How to Move a Stove

Compared to other household items like dressers and tables, moving a stove presents some challenges that many homeowners would rather not tackle themselves. Here’s what you need to know about loading and moving a stove.

Stoves reside in tight spaces between countertops, and they’re often fastened to adjacent walls and kitchen cabinets with brackets and screws.

Add in hard-to-reach power chords and/or gas lines with rusty fittings, and you’ve got a tricky project that requires lots of know-how.

We suggest leaving this job to professionals. Learn more about which professional moving companies can handle the job.

That said, if you’ve got what it takes to do it yourself, consider the following tips before getting started.

Should You Take Your Stove With You?

In years past, homeowners usually left their stoves in the homes they were vacating, but now taking them is almost as common.

The new buyers may want the stove included in the sales contract, but you may opt to take it with you to your new home.

Consider Your Options

Moving companies will gladly move your stove, but most won’t unfasten the hardware or disconnect the power cord or gas line due to liability and safety issues.

Full-service movers can schedule these services with a third-party company specializing in servicing appliances, but they’ll usually add a 10 or 20% mark-up.

And remember, you’ll need them at your old home and new homes, and together they can cost hundreds of dollars.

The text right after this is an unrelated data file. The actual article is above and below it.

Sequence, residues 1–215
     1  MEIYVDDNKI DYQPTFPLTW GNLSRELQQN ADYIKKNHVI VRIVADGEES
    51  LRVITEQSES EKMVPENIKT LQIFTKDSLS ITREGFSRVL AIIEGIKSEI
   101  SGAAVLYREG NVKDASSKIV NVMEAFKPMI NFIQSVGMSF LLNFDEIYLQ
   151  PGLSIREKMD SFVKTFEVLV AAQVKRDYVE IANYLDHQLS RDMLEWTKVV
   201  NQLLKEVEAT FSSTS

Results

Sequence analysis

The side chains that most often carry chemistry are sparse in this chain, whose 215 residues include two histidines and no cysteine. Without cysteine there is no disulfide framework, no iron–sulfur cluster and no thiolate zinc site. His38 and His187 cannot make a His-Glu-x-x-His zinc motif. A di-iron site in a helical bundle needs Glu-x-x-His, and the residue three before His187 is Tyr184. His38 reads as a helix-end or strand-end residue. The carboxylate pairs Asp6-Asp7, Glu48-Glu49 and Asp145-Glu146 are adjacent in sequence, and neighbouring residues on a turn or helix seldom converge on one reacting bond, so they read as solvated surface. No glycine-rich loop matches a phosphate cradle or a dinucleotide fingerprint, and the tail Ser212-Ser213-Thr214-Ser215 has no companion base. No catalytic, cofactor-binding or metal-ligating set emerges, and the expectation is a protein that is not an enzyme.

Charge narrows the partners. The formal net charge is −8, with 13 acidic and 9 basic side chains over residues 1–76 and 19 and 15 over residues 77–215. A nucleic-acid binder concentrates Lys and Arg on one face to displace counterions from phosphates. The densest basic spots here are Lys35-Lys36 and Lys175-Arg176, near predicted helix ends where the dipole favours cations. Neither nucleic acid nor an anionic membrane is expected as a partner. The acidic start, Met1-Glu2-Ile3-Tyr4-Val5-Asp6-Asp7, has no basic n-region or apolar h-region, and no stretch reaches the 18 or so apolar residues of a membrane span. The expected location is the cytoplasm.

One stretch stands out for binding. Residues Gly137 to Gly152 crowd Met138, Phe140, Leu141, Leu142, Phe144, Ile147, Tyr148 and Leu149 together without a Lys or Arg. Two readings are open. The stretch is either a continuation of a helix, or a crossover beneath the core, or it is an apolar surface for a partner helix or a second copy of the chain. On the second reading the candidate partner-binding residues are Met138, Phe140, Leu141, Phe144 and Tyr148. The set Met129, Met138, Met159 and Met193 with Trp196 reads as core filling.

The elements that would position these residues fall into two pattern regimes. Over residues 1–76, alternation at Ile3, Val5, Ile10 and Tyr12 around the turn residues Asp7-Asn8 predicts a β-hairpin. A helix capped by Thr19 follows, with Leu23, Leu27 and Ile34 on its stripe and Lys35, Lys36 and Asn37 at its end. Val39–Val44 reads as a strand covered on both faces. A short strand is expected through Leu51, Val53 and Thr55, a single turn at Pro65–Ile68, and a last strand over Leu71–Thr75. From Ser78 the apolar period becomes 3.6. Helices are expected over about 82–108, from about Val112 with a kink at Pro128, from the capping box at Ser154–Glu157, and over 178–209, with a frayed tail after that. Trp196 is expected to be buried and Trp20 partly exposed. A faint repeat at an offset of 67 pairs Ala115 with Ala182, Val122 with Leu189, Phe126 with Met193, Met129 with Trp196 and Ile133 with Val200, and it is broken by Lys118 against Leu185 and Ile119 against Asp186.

Alternately, you could have factory-trained technicians provide these services or do them yourself.

Best Practices for Moving a Stove

1. Measure Hallways, Doors, and Stairs

Getting your stove out of your house shouldn’t be a problem if you haven’t done any renovations.

But you’ll want to measure access points at your “new home” as well, especially in older homes where doors, hallways, and stairs tend to be much narrower.

This is especially important if your stove is larger than the standard size.

If it is, getting it into the kitchen of an older home may be impossible.

2. Clean Your Stove Thoroughly

Cleaning a stove after years of neglect isn’t fun.

They’re magnets for grease and cooking oil that collect in every possible nook and cranny.

It may be tempting to put it off until after you unpack and settle in. But pre-move cleaning is crucial on long-distance moves and when your household goods will be put into storage, in which case the gunk and grime can attract pests like bugs and rodents.

Starting by removing and cleaning the following items by hand –

  • Grates and oven racks
  • Broiler trays (broiler pans)
  • Cooktop burner plates
  • Knobs

A dishwashing sponge and mild detergent may be sufficient, but in some cases, you’ll need steel wool and an abrasive cleaner like Borax.

Just remember that applying too much pressure can scratch your stove’s metal and enamel surfaces.

3. Check For Self-Cleaning Ovens

With self-cleaning ovens, you’ll want to consult your owner’s manual before getting started.

If you can’t find the manual, check if there are any instructions stamped on the metal plate inside the oven itself.

If not, using the self-cleaning function is usually just a matter of –

  • Cleaning as much as you can by hand with a wet towel, sponge, or plastic spatula for challenging areas
  • Closing and locking the oven door with the lever to prevent it from being opened during the cleaning process
  • Setting the controls to the proper cleaning cycle (this can take hours)
  • Waiting until it’s finished and letting the oven cool before opening the door
  • Wiping or vacuuming away any remaining residue

You can also use a canned degreaser. Just be sure to follow the instructions carefully.

Insider’s Tip

Self-cleaning ovens become super-heated during the “cook-off” process, so keep kids safely away until it has cooled.

4. Disconnect It